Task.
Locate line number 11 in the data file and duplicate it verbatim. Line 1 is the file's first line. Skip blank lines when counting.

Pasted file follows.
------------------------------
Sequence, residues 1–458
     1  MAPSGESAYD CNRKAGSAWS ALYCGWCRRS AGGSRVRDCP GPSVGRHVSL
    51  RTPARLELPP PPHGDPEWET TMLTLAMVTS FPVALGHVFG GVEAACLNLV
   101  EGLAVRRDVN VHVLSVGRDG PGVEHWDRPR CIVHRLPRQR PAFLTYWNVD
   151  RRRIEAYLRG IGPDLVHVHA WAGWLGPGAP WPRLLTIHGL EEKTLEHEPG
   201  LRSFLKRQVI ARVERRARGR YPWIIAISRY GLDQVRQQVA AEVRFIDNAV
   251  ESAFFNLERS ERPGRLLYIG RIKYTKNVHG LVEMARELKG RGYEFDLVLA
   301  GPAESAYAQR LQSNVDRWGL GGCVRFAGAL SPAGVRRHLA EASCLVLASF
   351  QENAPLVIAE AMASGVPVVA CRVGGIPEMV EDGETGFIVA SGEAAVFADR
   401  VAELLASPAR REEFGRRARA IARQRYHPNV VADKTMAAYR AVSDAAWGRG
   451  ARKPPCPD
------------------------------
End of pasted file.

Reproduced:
   451  ARKPPCPD